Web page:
7 2 THE DISTRIBUTION OF HOUSEHOLD INCOME AND FEDERAL TAXES, 2008 AND 2009 Households Before-Tax Income Market income is very unevenly distributed. In 2009, households in the lowest income quintile received 2.2 percent of market income, equal to about $7,600 per household, and those in the middle quintile received 13.5 percent, or $54,200 per household (see Table 1 on page 4). Households in the highest quintile received 56.8 percent of income, or $218,800 per household, but that average masks wide differences between subgroups of that quintile; households in the 81st to 90th percentiles received $125,800, on average, compared with $1.2 million for households in the top percentile. This analysis does not separately examine subgroups of the top percentile. Aggregate market income declined in both 2008 and 2009, largely because of the recession that began in December 2007 and lasted through June 2009 and the slow recovery that followed. Declines were especially steep for capital gains, which fell by 75 percent in real (inflation-adjusted) terms between 2007 and Other sources of capital income also fell: interest income by 40 percent and dividend income by 33 percent. Wages, the largest source of income, fell by a more modest 6 percent. Average real market income fell by 16 percent between 2007 and That decline in market income was mitigated somewhat by an increase in government transfers. Payments from most government transfer programs grew: Transfers rose by 15 percent for Social Security, nearly tripled for unemployment insurance, nearly doubled for the Supplemental Nutrition Assistance Program, and grew by between 5 percent and 10 percent for Medicare and Medicaid. Consequently, real before-tax income fell by 12 percent, less than the 16 percent decline in market income alone. Government transfers lift incomes for all income groups, but the increases are larger for households with less income. In 2009, households in the bottom quintile of the market-income distribution received over 40 percent of total transfer payments an average of about $23, Real personal income the measure of income the Bureau of Economic Analysis (BEA) uses in the national income and product accounts (NIPAs) also declined from 2007 to 2009, though not by nearly as much as s income measure. Much of that difference in the two measures occurs because includes capital gains in market income; in contrast, BEA does not include capital gains as part of personal income in the NIPAs. per household. Almost two-thirds of that came from Social Security and Medicare. The share of transfers received fell steadily moving up the income distribution, with the top quintile receiving less than 10 percent of transfer payments. (Higher-income households receive transfers because eligibility for some large programs, such as Social Security and Medicare, is not based on household income.) Because of that pattern, before-tax income is more evenly distributed than is market income alone. Households in the lowest quintile of the before-tax income distribution received 5.1 percent of income, the middle quintile received 14.7 percent, and the top quintile received 50.8 percent. Federal Tax Rates Decreases in federal taxes meant that the drop in after-tax income was also less than the decline in market income. The overall average federal tax rate (household federal tax liabilities divided by before-tax household income) declined from 19.9 percent of income in 2007 to 18.0 percent in 2008 and 17.4 percent in 2009 (see Table 2 on page 6). The average individual income tax rate (household income tax liabilities divided by before-tax household income) fell to 7.2 percent in 2009 a drop of 2.0 percentage points from 2007 owing to both declines in income and changes in tax law. The average social insurance tax rate (household payroll tax liabilities divided by before-tax household income) rose 0.7 percentage points, to 8.0 percent of household income in That average rate rose because earnings fell by less than did other sources of income and because earnings above the cap on payroll taxes ($106,800 in 2009) fell more rapidly than did earnings below it. The average individual income tax rate is typically higher than the payroll tax rate, but in 2009 it was lower. Two factors explain that unusual result. First, because the tax base for payroll taxes is limited to earnings, a steep drop in nonwage income (such as interest, dividends, and capital gains) reduced income taxes but not payroll taxes in Second, the American Recovery and Reinvestment Act of 2009 (ARRA, Public Law 111-5) made several changes that lowered individual income taxes in that year. The act introduced new refundable income tax credits and expanded existing ones. In the analysis for this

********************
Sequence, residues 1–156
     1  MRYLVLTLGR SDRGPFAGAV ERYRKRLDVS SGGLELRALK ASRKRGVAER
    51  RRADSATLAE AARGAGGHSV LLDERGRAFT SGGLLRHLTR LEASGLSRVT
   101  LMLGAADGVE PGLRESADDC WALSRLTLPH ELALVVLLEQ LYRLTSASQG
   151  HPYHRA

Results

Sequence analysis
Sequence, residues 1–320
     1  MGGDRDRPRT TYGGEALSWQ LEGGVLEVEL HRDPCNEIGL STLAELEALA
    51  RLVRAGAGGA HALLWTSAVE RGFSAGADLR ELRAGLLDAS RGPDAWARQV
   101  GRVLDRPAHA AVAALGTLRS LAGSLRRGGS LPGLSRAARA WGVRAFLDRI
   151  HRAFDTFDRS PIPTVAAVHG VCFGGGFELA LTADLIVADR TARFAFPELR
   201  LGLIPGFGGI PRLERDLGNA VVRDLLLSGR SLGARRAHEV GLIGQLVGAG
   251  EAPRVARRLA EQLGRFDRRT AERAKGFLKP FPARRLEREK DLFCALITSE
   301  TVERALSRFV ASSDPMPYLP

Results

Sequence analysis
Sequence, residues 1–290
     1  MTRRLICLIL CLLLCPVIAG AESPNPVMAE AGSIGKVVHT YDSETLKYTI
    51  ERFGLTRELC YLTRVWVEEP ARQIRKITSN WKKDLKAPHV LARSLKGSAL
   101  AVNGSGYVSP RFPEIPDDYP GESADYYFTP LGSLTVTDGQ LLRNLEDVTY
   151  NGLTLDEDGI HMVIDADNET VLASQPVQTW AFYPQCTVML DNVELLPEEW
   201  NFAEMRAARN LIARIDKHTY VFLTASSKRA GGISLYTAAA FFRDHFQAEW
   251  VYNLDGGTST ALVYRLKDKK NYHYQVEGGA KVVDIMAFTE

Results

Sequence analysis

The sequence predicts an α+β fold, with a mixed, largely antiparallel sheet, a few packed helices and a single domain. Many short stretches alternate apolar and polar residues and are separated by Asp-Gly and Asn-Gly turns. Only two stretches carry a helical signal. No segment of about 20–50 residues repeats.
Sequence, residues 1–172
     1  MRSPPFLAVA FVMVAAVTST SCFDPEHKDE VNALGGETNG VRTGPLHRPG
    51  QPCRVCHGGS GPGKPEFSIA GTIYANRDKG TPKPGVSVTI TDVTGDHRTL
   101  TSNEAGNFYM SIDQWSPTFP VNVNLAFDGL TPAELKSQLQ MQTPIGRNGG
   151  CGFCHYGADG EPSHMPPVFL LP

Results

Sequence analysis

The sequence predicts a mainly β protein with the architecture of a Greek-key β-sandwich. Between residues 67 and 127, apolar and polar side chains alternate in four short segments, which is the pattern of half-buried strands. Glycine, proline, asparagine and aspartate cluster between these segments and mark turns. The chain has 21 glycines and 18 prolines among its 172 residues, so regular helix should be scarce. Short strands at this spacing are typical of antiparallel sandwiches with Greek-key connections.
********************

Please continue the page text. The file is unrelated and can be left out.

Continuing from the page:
8 THE DISTRIBUTION OF HOUSEHOLD INCOME AND FEDERAL TAXES, 2008 AND report, measured individual income taxes net of refundable credits. 3 The average corporate income tax rate (corporate taxes allocated to households divided by before-tax household income) also fell between 2007 and 2009 by 1.4 percentage points, to a rate of 1.5 percent in That change reflects both a sharp decline in corporate profits in 2008 that was only partially reversed in 2009 and legislation that reduced corporate income taxes in both 2008 and Excise taxes averaged 0.6 percent of household income in 2009, up 0.1 percentage point from Distribution of Federal Taxes Across the Income Scale The federal tax system is progressive that is, average tax rates generally rise with income. In 2009, households in the bottom fifth of the before-tax income distribution paid 1.0 percent of their before-tax income in federal taxes, households in the middle quintile paid 11.1 percent, and households in the highest quintile paid 23.2 percent (see Figure 1 on page 8). Average rates were higher for higher-income groups within the top quintile, and households in the top 1 percent of the before-tax income distribution faced an average rate of 28.9 percent. Because average federal tax rates rise with income, the share of federal taxes paid by higher-income households exceeded their share of before-tax income, and the opposite was true for lower-income households. In 2009, households in the highest quintile received 50.8 percent of before-tax income and paid 67.9 percent of federal taxes; households in the top 1 percent received 13.4 percent of income and paid 22.3 percent of taxes (see Figure 2 on page 9). In all other quintiles, the share of federal taxes paid was smaller than the share of before-tax income: Households in the bottom quintile received 5.1 percent of income and paid 0.3 percent of taxes, and households in the middle quintile received 14.7 percent of income and paid 9.4 percent of taxes. Individual Income Taxes. Much of the progressivity of the federal tax system derives from the individual income 3. In the federal budget, the refundable portion of income tax credits is counted as outlays. In fiscal year 2009, the revenues collected from individual income taxes (which do not count the refundable portion of those tax credits) were a slightly larger share of gross domestic product (6.6 percent) than the revenues collected from social insurance taxes (6.4 percent). tax. In 2009, the bottom quintile s average rate for the individual income tax was -9.3 percent that is, refundable tax credits exceeded the income tax owed by that group (see Figure 3 on page 10). On average, households in the second quintile also received more in refundable credits than they paid in individual income taxes. The average income tax rate was 1.3 percent for the middle quintile, 4.6 percent for the fourth quintile, and 13.4 percent for the highest quintile. The top 1 percent, on average, paid 21.0 percent of their income in individual income taxes. Two changes in tax law lowered individual income tax rates in 2008 and 2009 relative to what they were in The Economic Stimulus Act of 2008 (P.L ) provided a partially refundable payment of between $300 and $600 per person in Several provisions of ARRA reduced individual income taxes in The largest tax provision was the Making Work Pay credit, a refundable credit of up to $400 for a single worker or $800 for a married couple. Other provisions of ARRA increased the exemption for the alternative minimum tax, provided special additional payments for Social Security beneficiaries, lowered the threshold for the refundable child tax credit, created the American Opportunity Tax Credit (a new credit for college expenses), expanded the earned income tax credit, and exempted some unemployment compensation from individual income taxes. The changes in tax law reduced average tax rates more for lower-income taxpayers than for higher-income taxpayers, primarily because of the Making Work Pay credit, which phased out for taxpayers with higher income. Between 2007 and 2009, the individual income tax rate fell by more than 3 percentage points for the lowest income quintile, about 2.5 points for the second quintile, just under 2 points for the middle quintile, roughly 1.5 points for the fourth quintile, and about 1 point for the top quintile. In contrast, the average rate for households in the top percentile rose. The reason is that capital gains and dividends, which are taxed at preferential rates below the rates on other taxable income, fell by much more than other sources of income, and capital gains and 4. The Internal Revenue Service made those payments to taxpayers in 2008 on the basis of information provided on their 2007 tax returns. Taxpayers who did not receive an advance payment could take a credit against their 2008 tax liabilities. In this analysis, counted such payments as part of 2008 tax liabilities.